Every year during the summer, it was time to process okra. Everyone in the field looked like they were in the desert because of all the long sleeved clothing & bonnets they had on to pick okra. Picking okra in the summer is not only hot but it itches so bad you have to protect your skin. But that’s just the beginning, it’s time to tape of the thumb, pull out the knife, get the dish pan out & sit in a comfortable area because now we have to cut the okra to start the canning process. Yes it was a lot of work but it was also a time for the older generation to sit & talk to the younger generation that had no choice but to assist; as a very young child, my dad use to tell me to go assist my old aunts, & because of a 1/8” leather belt that he wore, the subject was never open for discussion. Nevertheless, this was the time I learned so much about how they grew up, realizing that it was much harder than what I was use to, but hearing them talk about the different things that went on while they all got together working, they made it sound like a lot of fun just being together. The strongest lesson I got from hauling okra, getting water for the cutters to drink, or having to bear getting kissed for any little task I did by the old ladies, was nothing is more important than family & having to do whatever it takes to always be together, even if it was just cutting okra.
Okra Canning process:
Note: The word “CANNING” actually meant the preservation process, whether it was cooking down the okra to bag & freeze or how it was done before refrigeration, placed in jars, sealed, & kept in a cool place in the home.
The process I’m giving directions on is the old time method, different things like fresh tomatoes can be substituted with tomato sauce or paste.
- Cut okra, amount doesn’t matter, same process, measurements are not required for this part.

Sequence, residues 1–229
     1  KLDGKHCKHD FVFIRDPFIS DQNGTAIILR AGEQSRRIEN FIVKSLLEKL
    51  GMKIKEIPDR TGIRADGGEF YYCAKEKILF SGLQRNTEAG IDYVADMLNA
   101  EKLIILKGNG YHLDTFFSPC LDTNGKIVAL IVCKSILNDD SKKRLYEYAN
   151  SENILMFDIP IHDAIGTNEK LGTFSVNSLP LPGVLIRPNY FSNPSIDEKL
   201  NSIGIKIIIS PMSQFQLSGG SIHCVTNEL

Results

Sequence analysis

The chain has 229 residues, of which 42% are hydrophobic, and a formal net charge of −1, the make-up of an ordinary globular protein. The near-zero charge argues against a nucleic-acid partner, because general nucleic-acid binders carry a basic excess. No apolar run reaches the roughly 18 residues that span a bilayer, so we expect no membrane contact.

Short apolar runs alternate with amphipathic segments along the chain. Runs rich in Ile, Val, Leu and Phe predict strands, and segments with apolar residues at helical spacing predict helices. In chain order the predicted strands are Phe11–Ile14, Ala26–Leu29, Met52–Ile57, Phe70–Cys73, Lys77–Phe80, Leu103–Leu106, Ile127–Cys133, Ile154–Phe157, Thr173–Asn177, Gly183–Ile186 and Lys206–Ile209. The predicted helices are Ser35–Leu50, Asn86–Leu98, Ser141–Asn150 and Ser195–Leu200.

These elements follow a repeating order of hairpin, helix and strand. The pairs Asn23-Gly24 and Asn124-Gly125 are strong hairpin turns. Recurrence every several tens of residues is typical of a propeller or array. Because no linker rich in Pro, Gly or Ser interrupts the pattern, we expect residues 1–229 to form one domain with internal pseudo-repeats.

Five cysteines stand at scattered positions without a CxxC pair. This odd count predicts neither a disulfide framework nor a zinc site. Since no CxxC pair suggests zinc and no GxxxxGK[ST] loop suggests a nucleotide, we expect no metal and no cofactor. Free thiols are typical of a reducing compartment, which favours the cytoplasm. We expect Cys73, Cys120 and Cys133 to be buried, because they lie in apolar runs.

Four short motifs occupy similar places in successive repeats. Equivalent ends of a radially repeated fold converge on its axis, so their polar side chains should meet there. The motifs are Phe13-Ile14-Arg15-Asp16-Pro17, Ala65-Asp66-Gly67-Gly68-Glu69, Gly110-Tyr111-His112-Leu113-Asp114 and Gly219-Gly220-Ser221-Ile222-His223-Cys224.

- Homegrown diced tomatoes to breakdown slime from okra, usually 2 large tomatoes per gallon of cut okra.
- Homegrown banana peppers, diced fine.
- Diced onions & bell peppers
- In a pot large enough to hold all contents, (I would not use a black cast iron , okra will look burnt), put all ingredients together in pot & season with salt & spices, careful on both, you can add when okra is prepared for meals. Also, add sufficient amount of hog lard or cooking oil to prevent sticking.
- Start on medium heat due to too much heat will promote scorching.
- Stir often, okra will begin to slime & stick.
- When slime has almost disappeared & okra has cooked down to 1/2 it’s original size, you’re ready to remove from heat & let cool to room temp.
- “CANNING” preservation is your choice, most people bag & store in freezer.
- Desired amount of okra
- Large fresh shrimp, dried shrimp, or both.
- Fresh blue crabs
- For those that like smoked flavor but want to keep it strictly seafood, smoked garfish is tough & can be cooked a long time before breaking apart.
- In a stainless pot of your choice: Add okra, crabs, & dry shrimp; fresh shrimp should be added 10 min before okra totally cooked, fresh shrimp only takes 5-7 min to cook, obviously a little longer if heat very low.
- Cook on medium to low heat for no more than 45 min.
- Add seasoned fresh shrimp, unseasoned acceptable also & cook no more than 10-15 min.
- Remove from heat & serve over white rice.
Note: If smothered okra with sausage, smoked meats, Tasso, chicken, etc. is desired, follow same cooking instructions: I cook seafood & smoked meats in okra together as well.